What they're talking about is giving Apple a pipe in order for this sort of thing. I assume this means special hardware in which coaxial could be plugged in.

I assume a 1GHz cable coming to your house will have 166 "6MHz". Some are for TV, some are for Internet, and some are for Comcast Digital Voice for when you "Internet" goes down if you have the right hardware.

Re: What does this even mean? (1)

Omeganon (104525) | about 3 months ago | (#46563107)

Thank you. So, I can think of QAM in the same way as a PRI and Comcast would be setting aside one or more channels for Apple (or other) traffic.

It's just a CDN (2)

lseltzer (311306) | about 3 months ago | (#46562797)

Private lines from Apple to Comcast endpoints, just like what Akamai, etc do

Re:What does this even mean? (1)

Demonantis (1340557) | about 3 months ago | (#46562893)

Not really. Apple want access to cable width that is reserved for services like on demand movies and television. They wouldn't be interacting with the internet traffic at all.

Re:What does this even mean? (1)

headhot (137860) | about 3 months ago | (#46563241)

DSCP markings on the streams to identify the traffic across the routers and CMTSes. This can then be used to prioritize and meter.

Re:What does this even mean? (0)

Anonymous Coward | about 3 months ago | (#46564289)

There are a number of channels available through a single coaxial cable (the number dependent of course on the MHz width of each channel - in the US digital channels tend to be 6 MHz wide). Different channel ranges are used for different things - Docsys (the standard used for a cable modem) pushes ~40mbits per channel. There is bandwidth for >50 individual channels in coax cable systems - only a very few are used for Internet service. The vast majority are used for pushing out all those hundreds of digital SD and HD signals to cable boxes or for video-on-demand services and the like, and the rest sit empty and unused. It is one of those channels that Apple is looking to pay Comcast for, and it will have zero effect on your internet.

"We're going to be needing an Ipath" (4, Funny)

rmdingler (1955220) | about 3 months ago | (#46562715)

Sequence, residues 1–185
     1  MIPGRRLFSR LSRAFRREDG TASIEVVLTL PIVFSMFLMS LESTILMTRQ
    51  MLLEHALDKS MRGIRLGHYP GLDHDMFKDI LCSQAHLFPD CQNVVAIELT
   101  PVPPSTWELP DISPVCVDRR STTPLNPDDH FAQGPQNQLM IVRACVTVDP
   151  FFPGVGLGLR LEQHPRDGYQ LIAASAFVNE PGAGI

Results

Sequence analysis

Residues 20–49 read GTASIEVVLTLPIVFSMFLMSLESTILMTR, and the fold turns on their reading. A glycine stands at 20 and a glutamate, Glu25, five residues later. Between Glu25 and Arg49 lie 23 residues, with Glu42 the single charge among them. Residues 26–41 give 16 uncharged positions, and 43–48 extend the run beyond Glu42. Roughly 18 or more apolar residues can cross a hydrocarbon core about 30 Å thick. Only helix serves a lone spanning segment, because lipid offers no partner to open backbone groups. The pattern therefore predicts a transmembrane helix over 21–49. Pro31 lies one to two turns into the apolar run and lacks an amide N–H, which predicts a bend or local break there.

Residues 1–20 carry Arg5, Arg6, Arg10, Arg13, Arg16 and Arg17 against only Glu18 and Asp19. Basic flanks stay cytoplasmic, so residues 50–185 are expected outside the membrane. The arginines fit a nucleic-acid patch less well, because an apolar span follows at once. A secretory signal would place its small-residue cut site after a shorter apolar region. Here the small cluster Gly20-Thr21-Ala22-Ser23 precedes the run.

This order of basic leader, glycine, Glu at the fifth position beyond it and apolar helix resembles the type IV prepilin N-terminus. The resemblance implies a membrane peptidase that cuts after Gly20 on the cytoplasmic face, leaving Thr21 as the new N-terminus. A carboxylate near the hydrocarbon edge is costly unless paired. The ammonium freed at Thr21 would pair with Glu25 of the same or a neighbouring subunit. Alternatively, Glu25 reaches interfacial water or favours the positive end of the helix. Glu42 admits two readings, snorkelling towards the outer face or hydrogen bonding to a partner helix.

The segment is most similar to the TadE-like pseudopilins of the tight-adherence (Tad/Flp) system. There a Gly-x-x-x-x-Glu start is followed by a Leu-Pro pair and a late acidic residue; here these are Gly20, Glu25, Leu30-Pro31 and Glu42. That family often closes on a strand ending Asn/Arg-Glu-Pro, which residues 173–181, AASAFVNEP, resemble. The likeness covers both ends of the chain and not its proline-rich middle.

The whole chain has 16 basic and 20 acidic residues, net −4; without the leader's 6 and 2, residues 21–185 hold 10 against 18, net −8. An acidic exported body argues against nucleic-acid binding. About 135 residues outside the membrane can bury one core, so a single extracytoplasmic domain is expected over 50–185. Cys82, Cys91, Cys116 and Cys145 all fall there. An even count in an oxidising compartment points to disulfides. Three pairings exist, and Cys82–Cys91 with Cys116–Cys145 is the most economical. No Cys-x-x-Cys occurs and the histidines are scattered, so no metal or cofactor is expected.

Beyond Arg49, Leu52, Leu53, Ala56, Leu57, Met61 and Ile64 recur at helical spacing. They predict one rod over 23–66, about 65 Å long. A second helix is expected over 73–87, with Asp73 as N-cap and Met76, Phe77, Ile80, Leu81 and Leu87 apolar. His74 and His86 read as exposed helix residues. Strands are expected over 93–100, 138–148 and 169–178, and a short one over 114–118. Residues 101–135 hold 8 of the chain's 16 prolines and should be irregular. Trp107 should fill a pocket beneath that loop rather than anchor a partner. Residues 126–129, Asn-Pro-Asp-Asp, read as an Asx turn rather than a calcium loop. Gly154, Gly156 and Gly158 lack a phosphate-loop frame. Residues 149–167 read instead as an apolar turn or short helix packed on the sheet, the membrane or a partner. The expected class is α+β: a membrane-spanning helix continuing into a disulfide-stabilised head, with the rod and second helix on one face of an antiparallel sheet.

It's not unbelievable Apple would desire this, and to speak it out loud means they think there's a chance of getting it implemented, but fear not:

There is just no way our honorable representatives are going to let some monopolistic shite like this get shoved down our throats.

The rest of you voted for the honest candidate...Right?

Re:"We're going to be needing an Ipath" (2)

fustakrakich (1673220) | about 3 months ago | (#46562911)

The rest of you voted for the honest candidate...Right?

Yes... Kodos

Re:"We're going to be needing an Ipath" (1)

Lumpy (12016) | about 3 months ago | (#46563135)

Bah, Kodos is a pussy.

Vote Cthulhu, why choose the lesser evil?

Re:"We're going to be needing an Ipath" (1)

fustakrakich (1673220) | about 3 months ago | (#46564583)

Vote Cthulhu...

Go ahead, throw your vote away. HAHAHA!

Re:"We're going to be needing an [xbox] path" (0)

Anonymous Coward | about 3 months ago | (#46562923)

http://corporate.comcast.com/comcast-voices/the-facts-about-xfinity-tv-and-xbox-360-comcast-is-not-prioritizing [comcast.com]

According to the article Apple wants something much like what Microsoft got except that, as Apple did with phones, they want to do it without Comcast providing the apps.

CDNs do not violate Network Neutrality (5, Insightful)

ElBeano (570883) | about 3 months ago | (#46562717)

I'm sure we'll see a rush to judgment that these deals are the end of network neutrality, blah, blah. From the outside looking in, we don't really know what added value is being provided to the content providers. Quite possibly, likely in my view, Comcast is providing CDN services to Netflix, and may be doing so for Apple as well. If so, there are benefits all around, in terms of Comcast, Netflix and reducing backbone congestion. A CDN is quite different from a toll road.

MOD UP! (1)

lseltzer (311306) | about 3 months ago | (#46562779)

Furthermore, the Internet as we know it today would not be able to function without CDNs. The only people who would be empowered would be those conducting DDOS attacks.

Re:MOD UP! (1)

mrchaotica (681592) | about 3 months ago | (#46564171)

Furthermore, the Internet as we know it today would not be able to function without CDNs.

"The Internet as we know it today" is worse than it was before CDNs! At least back then it was closer to peer-to-peer with normal users hosting their own content, instead of the glorified TV network we have today...

Re:CDNs do not violate Network Neutrality (2)